We will know we have achieved Interfaith America when it is simply commonplace for cities across the country to have Days of Interfaith Service; when there is an established scholarly field called Interfaith Studies that certifies tens of thousands of people every year who have the knowledge base and skill set of Interfaith Leadership; when companies, schools, hospitals, and civil society organizations hire Interfaith Leaders because they recognize the significance of proactively engaging the religious diversity within their organizations; when houses of worship regularly have partnerships across faith lines; when people across traditions can readily articulate the theology or ethic of interfaith cooperation of their own community; when organizations across sectors view it as standard operating procedure to have interfaith strategic plans; when teaching the history of religious diversity in the United States is a robust part of every high school American history course. Most importantly, when religious diversity is understood as a powerful and visible asset that ought to be engaged positively and proactively rather than a dynamic that is either invisible or a threat.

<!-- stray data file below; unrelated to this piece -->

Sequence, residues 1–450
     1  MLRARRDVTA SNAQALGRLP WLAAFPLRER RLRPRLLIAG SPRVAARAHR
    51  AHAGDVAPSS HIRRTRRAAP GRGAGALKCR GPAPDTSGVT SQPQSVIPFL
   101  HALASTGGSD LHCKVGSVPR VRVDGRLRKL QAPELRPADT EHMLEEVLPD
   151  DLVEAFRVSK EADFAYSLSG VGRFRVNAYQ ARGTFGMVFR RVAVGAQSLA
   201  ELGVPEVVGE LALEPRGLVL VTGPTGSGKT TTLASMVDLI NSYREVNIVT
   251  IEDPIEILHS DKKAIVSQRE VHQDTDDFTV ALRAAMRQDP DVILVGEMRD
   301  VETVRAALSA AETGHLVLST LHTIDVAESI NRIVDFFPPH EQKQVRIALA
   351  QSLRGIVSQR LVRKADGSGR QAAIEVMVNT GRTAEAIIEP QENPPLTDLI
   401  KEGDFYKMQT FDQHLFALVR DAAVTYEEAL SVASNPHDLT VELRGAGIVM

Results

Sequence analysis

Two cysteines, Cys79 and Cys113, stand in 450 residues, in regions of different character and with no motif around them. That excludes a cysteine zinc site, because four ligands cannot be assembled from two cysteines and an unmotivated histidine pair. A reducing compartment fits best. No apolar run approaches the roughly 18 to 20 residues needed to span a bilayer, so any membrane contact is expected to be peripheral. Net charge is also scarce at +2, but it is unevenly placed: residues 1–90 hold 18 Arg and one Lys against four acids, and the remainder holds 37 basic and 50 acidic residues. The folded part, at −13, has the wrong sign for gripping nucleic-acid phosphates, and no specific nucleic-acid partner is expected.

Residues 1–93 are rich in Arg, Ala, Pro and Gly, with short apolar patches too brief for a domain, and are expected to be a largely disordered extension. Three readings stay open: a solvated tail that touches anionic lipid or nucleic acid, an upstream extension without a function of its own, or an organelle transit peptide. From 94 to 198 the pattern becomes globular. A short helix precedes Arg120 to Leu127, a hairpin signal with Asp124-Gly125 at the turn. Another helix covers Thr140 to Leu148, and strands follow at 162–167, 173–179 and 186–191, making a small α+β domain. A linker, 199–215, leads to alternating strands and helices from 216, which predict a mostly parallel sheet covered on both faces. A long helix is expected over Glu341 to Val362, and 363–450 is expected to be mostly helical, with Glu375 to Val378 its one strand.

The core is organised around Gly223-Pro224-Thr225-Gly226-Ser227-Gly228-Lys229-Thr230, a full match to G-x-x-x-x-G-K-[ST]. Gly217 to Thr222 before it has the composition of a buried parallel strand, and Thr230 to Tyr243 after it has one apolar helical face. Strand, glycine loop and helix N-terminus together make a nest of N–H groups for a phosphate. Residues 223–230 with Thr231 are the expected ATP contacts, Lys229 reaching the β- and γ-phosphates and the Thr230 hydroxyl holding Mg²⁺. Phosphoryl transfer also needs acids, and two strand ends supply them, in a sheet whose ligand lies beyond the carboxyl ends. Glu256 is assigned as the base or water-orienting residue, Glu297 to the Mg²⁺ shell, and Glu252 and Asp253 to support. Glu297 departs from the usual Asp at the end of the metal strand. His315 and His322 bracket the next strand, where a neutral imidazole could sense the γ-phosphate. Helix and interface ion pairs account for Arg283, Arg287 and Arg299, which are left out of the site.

What role does history play in your book? Is there anything in the American past that makes you more optimistic or pessimistic about the potential for an interfaith future?